Federal watchdog expands anti-money laundering disclosure rules for high-end real estate buyers

Anti-money laundering
Anti-money laundering

A federal watchdog agency is extending disclosure rules for shell companies aimed at combating money laundering and criminal syndicates buying high-end U.S. real estate.

The U.S. Treasury Department’s Financial Crimes Enforcement Network, FinCen, is requiring title companies to identify persons involved with shell companies set up to buy expensive U.S. residential real estate.

Federal regulators worry about all-cash real estate sales are linked to money laundering or criminal networks trying to hide assets.

Wealthy buyers and real estate investors often set up shell companies and limited liability corporation to limit legal and bankruptcy exposures but also to sometimes hide the identities of the persons involved.

FinCen first issued the disclosure rules for Manhattan and Miami, two high-end real estate markets popular with foreign buyers.

The federal agency is now extending the disclosure rules to Broward and Palm Beach counties in Florida, Los Angeles, San Diego, San Francisco, San Antonio and San Mateo and Santa Clara counties in California.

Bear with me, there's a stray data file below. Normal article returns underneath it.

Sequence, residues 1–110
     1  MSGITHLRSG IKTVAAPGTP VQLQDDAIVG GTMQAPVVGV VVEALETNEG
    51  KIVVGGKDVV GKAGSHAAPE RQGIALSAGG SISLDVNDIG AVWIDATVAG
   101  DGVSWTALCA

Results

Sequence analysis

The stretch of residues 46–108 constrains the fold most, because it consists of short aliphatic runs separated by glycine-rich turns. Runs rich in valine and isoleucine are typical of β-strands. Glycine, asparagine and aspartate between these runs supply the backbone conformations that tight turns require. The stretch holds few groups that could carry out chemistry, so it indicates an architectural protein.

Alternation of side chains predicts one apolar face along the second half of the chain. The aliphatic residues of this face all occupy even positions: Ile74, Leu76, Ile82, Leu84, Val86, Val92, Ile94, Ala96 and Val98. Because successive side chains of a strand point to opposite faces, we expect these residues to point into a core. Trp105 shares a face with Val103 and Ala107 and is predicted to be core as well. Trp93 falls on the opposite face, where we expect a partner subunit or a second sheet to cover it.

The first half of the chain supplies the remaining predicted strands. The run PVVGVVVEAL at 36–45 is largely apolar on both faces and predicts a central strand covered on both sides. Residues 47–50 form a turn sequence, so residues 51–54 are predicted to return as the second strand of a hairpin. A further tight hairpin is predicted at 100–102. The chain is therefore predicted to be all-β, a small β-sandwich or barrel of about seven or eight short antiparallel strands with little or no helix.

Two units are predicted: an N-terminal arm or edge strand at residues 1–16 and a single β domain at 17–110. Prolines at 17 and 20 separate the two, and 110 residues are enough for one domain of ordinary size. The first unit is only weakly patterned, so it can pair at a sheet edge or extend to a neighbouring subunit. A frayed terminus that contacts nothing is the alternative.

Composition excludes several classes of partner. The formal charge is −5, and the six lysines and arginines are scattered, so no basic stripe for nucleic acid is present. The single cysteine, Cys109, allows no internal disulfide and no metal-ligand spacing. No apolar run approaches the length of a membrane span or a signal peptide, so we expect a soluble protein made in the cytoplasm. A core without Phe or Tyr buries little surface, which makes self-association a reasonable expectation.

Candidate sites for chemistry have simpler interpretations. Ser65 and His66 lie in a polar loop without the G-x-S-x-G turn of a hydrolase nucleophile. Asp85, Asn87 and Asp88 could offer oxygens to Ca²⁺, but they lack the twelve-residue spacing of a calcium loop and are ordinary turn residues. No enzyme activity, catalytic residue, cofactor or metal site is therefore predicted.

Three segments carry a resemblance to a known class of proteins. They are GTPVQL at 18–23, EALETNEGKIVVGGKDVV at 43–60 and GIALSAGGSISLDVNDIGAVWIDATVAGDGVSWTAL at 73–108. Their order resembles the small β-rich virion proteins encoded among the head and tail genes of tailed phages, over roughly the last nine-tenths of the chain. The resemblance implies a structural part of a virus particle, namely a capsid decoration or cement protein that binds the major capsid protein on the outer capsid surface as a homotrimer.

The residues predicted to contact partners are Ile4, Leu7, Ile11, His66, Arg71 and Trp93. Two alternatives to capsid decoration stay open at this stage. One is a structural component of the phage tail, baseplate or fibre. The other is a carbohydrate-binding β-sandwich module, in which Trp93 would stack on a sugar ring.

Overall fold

The latter includes Silicon Valley. Broward County includes Fort Lauderdale.

Arizona is not on the list but wealthy submarkets such as Paradise Valley, Scottsdale and Phoenix’s Arcadia area do see all-cash sales and LLC buyers.

There is also plenty of wealthy Californians and California-based investment groups that buy, sell and flip real estate in the Phoenix area and other Arizona markets.

Arizona is also a top entry U.S. entry point for Mexican drug cartels. Past investigations have found, however, that Mexican cartels and smuggling outfits tend to take their illicit cash back to their home regions.

Regulators in the United Kingdom have instituted some disclosure rules aimed shining some light on high-end real estate sales in London.

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